Blasting continues to bring down Glines Canyon Dam (*** PHOTO GALLERY ***)
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Keith Thorpe/Peninsula Daily News
The Elwha River, at right, meanders through the former bed of Lake Mills into what remains of the lake empounded behind the Glines Canyon Dam in Olympic National Park.
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Keith Thorpe/Peninsula Daily News
Months of demolition work has left a gaping hole in the Glines Canyon Dam on the Elwha River in Olympic National Park as shown on Wednesday.

By Rob Ollikainen
Peninsula Daily News

OLYMPIC NATIONAL PARK — The big mud puddle behind what's left of Glines Canyon Dam is about to get a lot smaller.

Crews will resume blasting the 85-year-old dam Monday, lowering what's left of Lake Mills by another
8 feet.

The Elwha River currently is flowing over the top
of the dam 73 feet above the canyon floor, Olympic National Park spokeswoman Rainey McKenna said.

Thirteen months into the historic removal project, nearly two-thirds of the once-210-foot Glines Canyon Dam is gone.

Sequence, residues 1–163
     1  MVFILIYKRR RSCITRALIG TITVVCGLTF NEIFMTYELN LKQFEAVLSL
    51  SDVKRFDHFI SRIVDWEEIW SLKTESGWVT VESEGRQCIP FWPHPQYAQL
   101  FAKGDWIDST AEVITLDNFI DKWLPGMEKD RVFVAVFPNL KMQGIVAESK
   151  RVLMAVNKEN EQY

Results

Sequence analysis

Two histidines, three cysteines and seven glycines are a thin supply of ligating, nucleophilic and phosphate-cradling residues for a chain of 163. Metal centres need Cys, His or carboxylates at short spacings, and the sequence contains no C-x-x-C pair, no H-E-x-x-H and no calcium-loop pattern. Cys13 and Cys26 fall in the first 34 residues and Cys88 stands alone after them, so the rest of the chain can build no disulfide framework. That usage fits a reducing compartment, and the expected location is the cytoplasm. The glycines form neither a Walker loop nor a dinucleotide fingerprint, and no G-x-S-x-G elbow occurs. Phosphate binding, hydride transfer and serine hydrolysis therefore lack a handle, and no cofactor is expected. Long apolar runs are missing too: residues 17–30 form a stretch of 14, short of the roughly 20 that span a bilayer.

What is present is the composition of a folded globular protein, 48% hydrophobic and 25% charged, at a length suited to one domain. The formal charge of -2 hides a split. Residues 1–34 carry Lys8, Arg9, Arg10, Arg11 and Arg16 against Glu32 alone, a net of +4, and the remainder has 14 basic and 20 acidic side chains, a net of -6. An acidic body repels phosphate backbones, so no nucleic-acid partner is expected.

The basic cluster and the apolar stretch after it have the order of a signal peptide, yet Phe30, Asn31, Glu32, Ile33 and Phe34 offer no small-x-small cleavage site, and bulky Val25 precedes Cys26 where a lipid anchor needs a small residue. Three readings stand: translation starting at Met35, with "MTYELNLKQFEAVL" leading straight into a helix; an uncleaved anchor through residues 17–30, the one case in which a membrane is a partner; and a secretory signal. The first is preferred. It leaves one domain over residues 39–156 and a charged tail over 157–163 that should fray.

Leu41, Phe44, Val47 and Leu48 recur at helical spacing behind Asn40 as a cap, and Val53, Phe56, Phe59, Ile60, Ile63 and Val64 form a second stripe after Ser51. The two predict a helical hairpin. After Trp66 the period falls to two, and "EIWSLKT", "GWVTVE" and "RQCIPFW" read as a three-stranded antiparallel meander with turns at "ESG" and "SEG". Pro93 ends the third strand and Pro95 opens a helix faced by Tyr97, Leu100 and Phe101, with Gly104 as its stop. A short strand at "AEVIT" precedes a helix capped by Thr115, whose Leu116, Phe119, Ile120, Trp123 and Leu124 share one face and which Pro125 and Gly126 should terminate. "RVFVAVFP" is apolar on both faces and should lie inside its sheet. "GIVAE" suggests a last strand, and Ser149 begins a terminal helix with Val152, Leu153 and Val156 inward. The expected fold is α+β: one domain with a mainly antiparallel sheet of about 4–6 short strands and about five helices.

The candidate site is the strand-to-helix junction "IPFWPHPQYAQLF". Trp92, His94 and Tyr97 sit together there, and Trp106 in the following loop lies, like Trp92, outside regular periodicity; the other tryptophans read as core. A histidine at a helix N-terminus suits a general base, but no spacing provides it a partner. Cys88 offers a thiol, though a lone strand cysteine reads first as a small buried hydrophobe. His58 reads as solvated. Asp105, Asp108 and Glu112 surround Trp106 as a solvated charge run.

The last remnants of its older cousin — the Elwha Dam 9 miles downstream and 5 miles from the river mouth — were removed in March.

Barnard Construction of Bozeman, Mont., the National Park Service contractor for physical dam removal, is more than a year ahead of schedule on the removal of Glines Canyon Dam.

The project is scheduled to be completed by next spring.

The dam-removal contract contains specific sediment-management holds to promote erosion of the lake bed and fish windows to prevent the sediment from reaching toxic levels for salmon.

The $325 million federal river restoration project is intended to restore Elwha River salmon runs, as both dams were built without fish ladders.

Crews used the current sediment-management hold to continue demolishing the Glines dam's intake tower and to remove concrete rubble that had accumulated upstream from the dam.

On Tuesday, the park used a heavy-lift helicopter to move hundreds of logs from the rim of the former reservoir to the exposed lake bed below. This was done to encourage new vegetation to grow, McKenna said.

The eight-hour operation was funded by an Environmental Protection Agency grant that the Lower Elwha Klallam tribe obtained.

Olympic National Park is posting regular updates on the dam-removal project at http://tinyurl.com/8st2klp.



Reporter Rob Ollikainen can be reached at 360-452-2345, ext. 5072, or at rollikainen@peninsuladailynews.com.

Last modified: October 06. 2012 11:07PM
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